Grading of walks
Note that walks on this web site are graded for relatively experienced bushwalkers. If you have not done much bushwalking before you are strongly advised to start with walks graded E or EM for skill, and with distances and fitness grades well within your capability. As an indication, the Ruined Castle walk is graded E/E by this web site, yet is graded Hard by the NPWS.
Grading of walks is always a contentious issue. An inexperienced navigator may find a trackless cross country jaunt difficult, where an experienced walker may be able to do it in their sleep. A fit person may find a solid hill climb relatively easy when an unfit person will struggle. However, does a walk rated "HARD" mean that it is long and gruelling, or that the navigation is difficult? Many guides attempt to combine all the factors that contribute to the difficulty of a walk into a single number or rating, which is often unhelpful.
The two main components that determine the difficulty of a walk are the level of fitness and skill needed. The length of the walk, the amount of climbing and the quality of the track all determine what level of fitness is required. Difficulty of navigation, route finding, scrambling and water finding contribute to the level of skill required. This site gives a fitness grade and skill grade for each walk.
The following table indicates approximately what the different fitness grades mean. The distances are given in kilometres. They assume relatively flat ground. Climbing or steep descents, and tricky terrain, will increase the kilometre equivalent. A climb of 100-150m is equivalent to about an extra kilometre. Difficult terrain such as scrub bashing or creek walking will also increase the kilometre equivalent. Note that these distances are for overnight pack walks. Day walks can cover longer distances for the same level of difficulty.
Note that these distances are for reasonably fit and moderately experienced walkers - others may find some 'easy' walks relatively hard.
Skill grades are harder to define, as a number of different skills may be required for a given walk. Note that even easy walks assume that you know how to read a map and use a compass. Examples of the sort of walks that would be graded:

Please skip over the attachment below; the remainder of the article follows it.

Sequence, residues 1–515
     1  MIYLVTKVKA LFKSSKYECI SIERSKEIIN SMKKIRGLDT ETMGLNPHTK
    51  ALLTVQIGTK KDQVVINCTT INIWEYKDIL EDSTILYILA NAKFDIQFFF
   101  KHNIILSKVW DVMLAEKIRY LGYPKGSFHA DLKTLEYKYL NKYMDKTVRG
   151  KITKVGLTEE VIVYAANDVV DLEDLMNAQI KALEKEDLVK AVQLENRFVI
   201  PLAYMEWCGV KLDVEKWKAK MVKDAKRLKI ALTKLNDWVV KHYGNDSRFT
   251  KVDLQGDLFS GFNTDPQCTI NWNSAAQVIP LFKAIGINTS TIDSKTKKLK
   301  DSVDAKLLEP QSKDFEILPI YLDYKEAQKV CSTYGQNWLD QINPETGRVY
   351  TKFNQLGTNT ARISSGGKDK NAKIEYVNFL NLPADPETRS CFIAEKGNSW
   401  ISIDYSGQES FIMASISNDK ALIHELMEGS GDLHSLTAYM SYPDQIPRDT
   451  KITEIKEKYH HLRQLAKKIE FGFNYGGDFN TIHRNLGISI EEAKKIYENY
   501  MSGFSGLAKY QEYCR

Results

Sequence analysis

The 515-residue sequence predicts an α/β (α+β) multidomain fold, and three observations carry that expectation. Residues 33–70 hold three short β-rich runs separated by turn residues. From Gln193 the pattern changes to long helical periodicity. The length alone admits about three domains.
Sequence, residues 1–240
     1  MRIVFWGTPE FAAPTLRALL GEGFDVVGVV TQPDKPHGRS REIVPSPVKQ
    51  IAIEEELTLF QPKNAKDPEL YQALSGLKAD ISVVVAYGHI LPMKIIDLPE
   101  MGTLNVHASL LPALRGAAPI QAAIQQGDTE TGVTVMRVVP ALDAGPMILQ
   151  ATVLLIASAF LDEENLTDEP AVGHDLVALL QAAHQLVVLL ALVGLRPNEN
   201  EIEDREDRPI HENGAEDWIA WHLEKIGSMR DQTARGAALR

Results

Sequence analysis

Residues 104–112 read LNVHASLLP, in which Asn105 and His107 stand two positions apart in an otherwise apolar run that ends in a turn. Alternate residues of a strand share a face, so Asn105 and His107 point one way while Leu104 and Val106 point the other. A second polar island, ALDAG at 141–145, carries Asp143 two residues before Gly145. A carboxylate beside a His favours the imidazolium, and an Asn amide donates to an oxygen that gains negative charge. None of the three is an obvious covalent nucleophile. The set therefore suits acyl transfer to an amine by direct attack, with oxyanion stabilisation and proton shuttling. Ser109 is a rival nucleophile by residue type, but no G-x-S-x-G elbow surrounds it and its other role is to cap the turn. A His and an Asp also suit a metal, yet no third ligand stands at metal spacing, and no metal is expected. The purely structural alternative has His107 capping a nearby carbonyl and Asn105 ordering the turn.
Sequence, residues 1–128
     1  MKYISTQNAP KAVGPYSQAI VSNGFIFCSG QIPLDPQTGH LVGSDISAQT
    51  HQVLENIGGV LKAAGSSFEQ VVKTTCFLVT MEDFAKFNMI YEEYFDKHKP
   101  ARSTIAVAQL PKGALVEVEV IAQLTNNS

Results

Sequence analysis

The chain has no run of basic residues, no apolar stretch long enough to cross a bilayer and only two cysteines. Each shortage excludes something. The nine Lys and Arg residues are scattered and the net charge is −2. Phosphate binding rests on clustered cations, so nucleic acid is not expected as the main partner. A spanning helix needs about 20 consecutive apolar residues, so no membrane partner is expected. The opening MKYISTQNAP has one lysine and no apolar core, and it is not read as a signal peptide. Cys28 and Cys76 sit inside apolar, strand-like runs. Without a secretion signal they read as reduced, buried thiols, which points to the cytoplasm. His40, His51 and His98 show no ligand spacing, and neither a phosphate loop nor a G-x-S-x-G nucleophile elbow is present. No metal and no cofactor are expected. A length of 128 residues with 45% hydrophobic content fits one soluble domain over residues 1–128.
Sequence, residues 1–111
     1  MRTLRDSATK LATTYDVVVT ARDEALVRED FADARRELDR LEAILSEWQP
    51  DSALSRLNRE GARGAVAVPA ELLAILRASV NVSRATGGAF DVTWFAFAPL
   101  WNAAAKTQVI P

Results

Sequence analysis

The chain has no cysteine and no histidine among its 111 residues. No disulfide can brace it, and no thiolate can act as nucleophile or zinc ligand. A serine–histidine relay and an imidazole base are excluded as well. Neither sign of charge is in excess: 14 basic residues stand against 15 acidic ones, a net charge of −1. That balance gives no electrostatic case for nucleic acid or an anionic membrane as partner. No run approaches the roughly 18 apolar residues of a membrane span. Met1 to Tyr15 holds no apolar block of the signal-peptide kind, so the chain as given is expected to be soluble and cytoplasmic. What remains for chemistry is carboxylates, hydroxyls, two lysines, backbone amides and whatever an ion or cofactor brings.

Despite all of this, walks obviously can not be captured in a couple of letters. The grading is simply a guide to the level of skill and fitness below which you may have some difficulty completing the walk. For more information, read track notes, look at maps, do some research and talk to people.
Arguably even higher skill grades would be required for some remote wilderness walks. However, in keeping with the spirit of adventure, those sort of walks are not explicitly described on this site, although suggestions may be given. That sort of walk should be judged on its merits. As a result there is nothing graded with more than Hard for both skill and fitness.
The detailed information about walks is approximate only.
Times are based on reasonably fit and moderately experienced walkers. The estimates are without signficant breaks, so you need to factor time for lunch, morning tea etc. As an indication, walkers should be able to walk 4-5km/h on fire trails, 3-4km/h on decent tracks, and climb steep hills at a rate of around 500m/h with a daypack, or around 300m/h with an overnight pack. If this is not the case, then extra time should be factored in. On walks with a skill level of M or higher, walkers should also be competent navigators, able to follow vague tracks and rockhop and scramble at a decent pace, in line with any of those factors mentioned in the track notes. Again, if this is not the case a significant amount of extra time should be allowed.
Distances are based on map wheel distances or GPS, and will generally underestimate actual distance walked by 10%-30%. For walks with skill grades of M or higher, distance is often not the major factor in the length of the walk.
Ascent is the height of the largest climb, plus any other climbs over 100m. This measure of ascent is a simple indication of difficulty, but does not try to include every little up and down. These heights are taken directly from the topographic map, and so are only as accurate as the map. It will underestimate difficulty for walks that have multiple small ascents or descents - for this you should read the walk description and look at the relevant topo maps.